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GCR Swithland - A Tribute

Discussion in 'Heritage Railways & Centres in the UK' started by sche, Jun 1, 2012.

  1. Tomnick

    Tomnick New Member

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    You're welcome :) .
     
  2. 46118

    46118 New Member

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    Just out of interest, is there another ex-GC 'box and frame either "in stock" or earmarked with Network Rail for eventual use at Leicester North? I ask given the relentless progress of abolition of manual signal boxes. Maybe there are still GC boxes around in Lincolnshire?
    Some Heritage lines such as the Glos-Warks have elected to build the box structures from new, but presumably they still had original lever frames to build into the boxes.

    Superb installation by the way, and maybe the GC can find a way of having a "public enclosure" somewhere at the lineside for photographers and enthusiasts generally, without actually intruding onto the overall "scene"? ( could earn revenue for you....)

    There is something quite special hearing block bells and the lever frame in use in the distance.

    46118
     
  3. Tomnick

    Tomnick New Member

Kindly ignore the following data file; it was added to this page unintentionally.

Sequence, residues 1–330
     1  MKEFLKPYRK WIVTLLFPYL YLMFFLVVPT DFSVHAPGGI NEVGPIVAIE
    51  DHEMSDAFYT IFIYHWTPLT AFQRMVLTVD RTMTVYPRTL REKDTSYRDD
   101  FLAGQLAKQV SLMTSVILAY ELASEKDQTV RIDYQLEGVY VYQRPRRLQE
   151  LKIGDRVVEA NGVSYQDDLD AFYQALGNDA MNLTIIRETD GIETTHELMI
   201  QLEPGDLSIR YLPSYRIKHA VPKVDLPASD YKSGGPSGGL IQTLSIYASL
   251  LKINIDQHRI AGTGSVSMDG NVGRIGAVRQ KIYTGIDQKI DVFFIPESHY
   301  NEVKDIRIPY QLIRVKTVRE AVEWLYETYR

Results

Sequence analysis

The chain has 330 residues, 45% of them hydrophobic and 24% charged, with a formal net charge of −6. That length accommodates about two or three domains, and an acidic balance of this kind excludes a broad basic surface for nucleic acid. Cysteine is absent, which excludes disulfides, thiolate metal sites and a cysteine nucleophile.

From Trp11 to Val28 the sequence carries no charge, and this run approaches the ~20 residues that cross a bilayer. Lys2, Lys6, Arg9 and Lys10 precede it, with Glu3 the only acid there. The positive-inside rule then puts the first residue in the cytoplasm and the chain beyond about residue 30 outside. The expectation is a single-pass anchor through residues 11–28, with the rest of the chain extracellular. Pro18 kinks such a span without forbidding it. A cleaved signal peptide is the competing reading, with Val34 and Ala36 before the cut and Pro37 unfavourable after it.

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    I can't speak for the S&T regarding the existance or otherwise of a suitable structure for Leicester North, but I will suggest that any such structure would need to be quite heavily vandal-proofed - so something along the lines of Hotchley Hill SB might be more appropriate (perhaps with a small power installation rather than mechanical - all worthy of preservation and relevant to the GC!). My personal view is that I'd not be too keen on going to Leicester North to work a late turn*, as I'd be concerned about the safety of my car and (to a lesser extent) myself - and I do know that a good few of my colleagues feel the same. I'm sure the S&T equipment would be at risk of receiving similar attention! I know it'd be a significant compromise, but I (personally, again) think it'd be worth looking at sensible (and fitting) ways of adding any (power) installation at Leicester onto Rothley SB.